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The Prime Minister: I shall work back through those points. In relation to any wider effort, as I have always said, there are two phases: the military action focused on Afghanistan and the need to pursue international terrorism

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in all its different forms. That is a matter of investigating its financing, how terrorists move across frontiers and how they acquire their weapons. Any action will be the subject of discussion among the coalition.

As I said a few days ago, it is important that we get the military action completed in Afghanistan. I stress to the House that it is not yet complete. We still have many difficult things to do. We will make sure that we get help to the refugee camps in Pakistan and elsewhere. As my right hon. Friend the Secretary of State for International Development has pointed out to me, the biggest need is inside Afghanistan, where it is far more difficult to get food and aid to people. That is the real problem. Of course, we want a new UN Security Council resolution which will give the necessary authority to the UN and to people acting under the UN to improve the situation.

In relation to UK troops, it is too early to discuss under whose command they will be or the rules of engagement. That will have to be decided when deployment takes place. Finally, in respect of the Northern Alliance, everyone knows that there are pictures in newspapers today, and so on. It is worth pointing out that in any situation, especially when people have suffered years of repression under the Taliban regime, there will be acts of revenge. I regret them. We do not condone them; we condemn them and ask that they do not happen. However, it is fair to say that many of the more exaggerated fears about what the Northern Alliance would do in Mazar-i-Sharif and in Kabul have not been fulfilled.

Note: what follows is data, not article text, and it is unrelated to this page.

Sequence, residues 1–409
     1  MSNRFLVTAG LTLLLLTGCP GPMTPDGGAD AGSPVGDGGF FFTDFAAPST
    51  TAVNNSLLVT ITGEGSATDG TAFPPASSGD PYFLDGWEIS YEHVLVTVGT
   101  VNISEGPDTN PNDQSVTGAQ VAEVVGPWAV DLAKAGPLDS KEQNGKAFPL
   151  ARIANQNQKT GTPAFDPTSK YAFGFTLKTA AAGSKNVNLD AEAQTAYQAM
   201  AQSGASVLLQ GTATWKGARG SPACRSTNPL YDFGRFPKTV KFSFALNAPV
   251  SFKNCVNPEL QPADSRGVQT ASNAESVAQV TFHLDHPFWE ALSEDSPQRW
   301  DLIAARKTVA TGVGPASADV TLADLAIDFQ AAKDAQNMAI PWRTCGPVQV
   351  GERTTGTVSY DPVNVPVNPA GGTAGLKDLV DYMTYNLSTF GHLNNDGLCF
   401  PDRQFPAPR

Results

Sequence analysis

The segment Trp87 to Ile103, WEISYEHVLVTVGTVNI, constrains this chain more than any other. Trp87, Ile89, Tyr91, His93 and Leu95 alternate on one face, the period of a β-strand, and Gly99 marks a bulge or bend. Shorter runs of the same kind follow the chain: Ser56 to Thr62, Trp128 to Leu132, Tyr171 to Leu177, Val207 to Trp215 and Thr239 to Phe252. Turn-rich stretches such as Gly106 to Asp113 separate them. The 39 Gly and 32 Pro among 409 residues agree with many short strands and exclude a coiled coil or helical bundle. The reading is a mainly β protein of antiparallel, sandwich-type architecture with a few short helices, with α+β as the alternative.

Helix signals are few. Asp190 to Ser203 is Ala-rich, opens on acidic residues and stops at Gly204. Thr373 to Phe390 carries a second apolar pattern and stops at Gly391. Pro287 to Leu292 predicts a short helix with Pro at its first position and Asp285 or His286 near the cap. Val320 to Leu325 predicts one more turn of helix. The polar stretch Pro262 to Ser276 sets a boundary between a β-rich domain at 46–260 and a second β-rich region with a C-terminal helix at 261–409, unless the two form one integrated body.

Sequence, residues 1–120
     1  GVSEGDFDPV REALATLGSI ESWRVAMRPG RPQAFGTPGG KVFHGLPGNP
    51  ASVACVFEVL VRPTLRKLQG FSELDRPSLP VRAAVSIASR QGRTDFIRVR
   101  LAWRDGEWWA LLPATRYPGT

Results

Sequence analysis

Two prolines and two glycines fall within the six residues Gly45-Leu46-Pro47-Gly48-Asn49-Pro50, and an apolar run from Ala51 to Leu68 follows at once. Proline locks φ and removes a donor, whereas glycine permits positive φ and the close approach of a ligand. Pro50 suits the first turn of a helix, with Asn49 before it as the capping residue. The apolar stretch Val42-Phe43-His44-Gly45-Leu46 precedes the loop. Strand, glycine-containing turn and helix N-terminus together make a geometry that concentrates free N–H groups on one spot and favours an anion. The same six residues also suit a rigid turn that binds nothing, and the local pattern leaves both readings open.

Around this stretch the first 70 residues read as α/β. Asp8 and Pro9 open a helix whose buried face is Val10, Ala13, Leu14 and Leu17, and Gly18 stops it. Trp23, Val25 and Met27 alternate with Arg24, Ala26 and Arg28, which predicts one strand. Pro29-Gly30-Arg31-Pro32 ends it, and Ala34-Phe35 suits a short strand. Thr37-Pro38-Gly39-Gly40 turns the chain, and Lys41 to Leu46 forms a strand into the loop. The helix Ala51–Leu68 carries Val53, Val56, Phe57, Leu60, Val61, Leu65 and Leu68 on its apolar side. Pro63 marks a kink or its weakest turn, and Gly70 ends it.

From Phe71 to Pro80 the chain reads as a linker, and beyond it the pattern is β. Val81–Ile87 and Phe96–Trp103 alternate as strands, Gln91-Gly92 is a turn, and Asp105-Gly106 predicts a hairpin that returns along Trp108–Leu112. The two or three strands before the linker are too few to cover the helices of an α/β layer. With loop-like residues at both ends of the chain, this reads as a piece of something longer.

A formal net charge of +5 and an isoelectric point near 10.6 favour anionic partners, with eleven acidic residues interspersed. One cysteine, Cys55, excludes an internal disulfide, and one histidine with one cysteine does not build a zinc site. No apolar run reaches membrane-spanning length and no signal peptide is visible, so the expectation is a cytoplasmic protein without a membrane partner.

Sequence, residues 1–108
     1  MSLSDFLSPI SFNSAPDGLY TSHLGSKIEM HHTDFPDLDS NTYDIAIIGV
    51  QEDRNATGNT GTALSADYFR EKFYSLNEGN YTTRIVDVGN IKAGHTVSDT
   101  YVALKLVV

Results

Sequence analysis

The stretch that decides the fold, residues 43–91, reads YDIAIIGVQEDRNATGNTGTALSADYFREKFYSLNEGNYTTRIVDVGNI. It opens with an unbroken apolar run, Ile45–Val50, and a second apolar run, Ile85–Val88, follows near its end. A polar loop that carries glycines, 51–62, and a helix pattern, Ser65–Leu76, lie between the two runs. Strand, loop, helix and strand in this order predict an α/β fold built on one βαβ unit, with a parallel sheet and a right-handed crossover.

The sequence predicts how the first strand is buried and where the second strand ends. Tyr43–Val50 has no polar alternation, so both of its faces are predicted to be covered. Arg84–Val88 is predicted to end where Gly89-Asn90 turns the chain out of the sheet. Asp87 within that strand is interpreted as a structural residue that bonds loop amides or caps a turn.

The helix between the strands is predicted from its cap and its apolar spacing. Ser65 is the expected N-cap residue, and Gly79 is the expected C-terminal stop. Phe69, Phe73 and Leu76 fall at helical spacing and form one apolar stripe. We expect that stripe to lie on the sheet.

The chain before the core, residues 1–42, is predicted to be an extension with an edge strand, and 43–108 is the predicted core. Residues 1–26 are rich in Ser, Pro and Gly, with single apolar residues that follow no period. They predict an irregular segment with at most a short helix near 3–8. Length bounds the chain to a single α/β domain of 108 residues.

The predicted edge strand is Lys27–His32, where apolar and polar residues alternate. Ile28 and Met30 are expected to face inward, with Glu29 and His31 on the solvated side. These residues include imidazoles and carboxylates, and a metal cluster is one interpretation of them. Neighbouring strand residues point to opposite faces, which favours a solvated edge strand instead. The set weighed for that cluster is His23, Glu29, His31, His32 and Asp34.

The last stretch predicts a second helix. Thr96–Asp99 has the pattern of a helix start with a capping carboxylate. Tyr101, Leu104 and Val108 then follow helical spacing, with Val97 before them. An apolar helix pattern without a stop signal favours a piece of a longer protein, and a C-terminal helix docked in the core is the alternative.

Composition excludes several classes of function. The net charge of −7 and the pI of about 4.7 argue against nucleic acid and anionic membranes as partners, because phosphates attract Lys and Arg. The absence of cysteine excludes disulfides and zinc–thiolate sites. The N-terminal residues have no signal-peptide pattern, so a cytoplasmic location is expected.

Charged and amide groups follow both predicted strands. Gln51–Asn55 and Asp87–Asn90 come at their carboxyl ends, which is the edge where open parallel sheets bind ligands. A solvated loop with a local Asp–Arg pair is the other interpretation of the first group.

We, the Americans and other coalition partners have maintained close links at every level. I stress to the House yet again that the situation is difficult. There could be no more difficult place to undertake military action, to try to put together a new broad-based Government, and to mount a proper humanitarian effort when there are millions of refugees on the move. Those are all very difficult issues. On the military side, we have succeeded to a significant extent, but not yet fully. The political and humanitarian aspects remain immensely difficult, but we will do everything that we can to make sure that they, too, are brought to a successful conclusion.

David Winnick (Walsall, North): Has not the lie been exposed—I hope for ever—that the coalition has been conducting an anti-Muslim crusade, bearing in mind how many people in the liberated areas are only too glad to see the end of the Taliban? Would it not be appropriate for the critics, be they in this House or outside, to accept that they were wrong, as they were about Kosovo? It would do no harm if they now recognised the error of their ways.

The Prime Minister: That is a very tempting offer, but in the interests of general harmony I shall refrain from accepting it. However, my hon. Friend makes a valuable point that is worth emphasising. I hope that, not merely in what is happening now but in the humanitarian and political actions that we take in Afghanistan, the whole of the Muslim world can see that we acted against terrorists—people who were abusing the true spirit and teachings of Islam. Of course, as he rightly pointed out, some years ago in Kosovo we were defending Muslims against oppression by a power that happened to be Orthodox Christian. However, the reason we acted then was not that they were Muslim, but that they were people who were suffering an injustice. There are many elements

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that we should move forward once the conflict is over, but one of them is a far greater understanding between the different faiths in the world—in particular, a far greater understanding of Islam in the west and, perhaps, a greater understanding in Arab and Muslim countries of why we chose to act in the way in which we did and why we want nothing but friendship and fellowship with the Arab and Muslim world. I hope very much that, when the situation calms, we can get that message across and demonstrate it clearly by our actions as well as our words.

Mr. James Arbuthnot (North-East Hampshire): I join my right hon. Friend the Leader of the Opposition in congratulating the Prime Minister and the Government on the way in which they have handled this matter. Today, a worrying survey has been published about UK Muslims, almost a third of whom have felt themselves to be subject to hostility and abuse. Clearly, it is utterly unacceptable to attack people for being Muslims. However, does he accept that it would be the wrong answer to introduce a new law on incitement to religious hatred and that we should instead concentrate on better enforcement of the laws that we already have?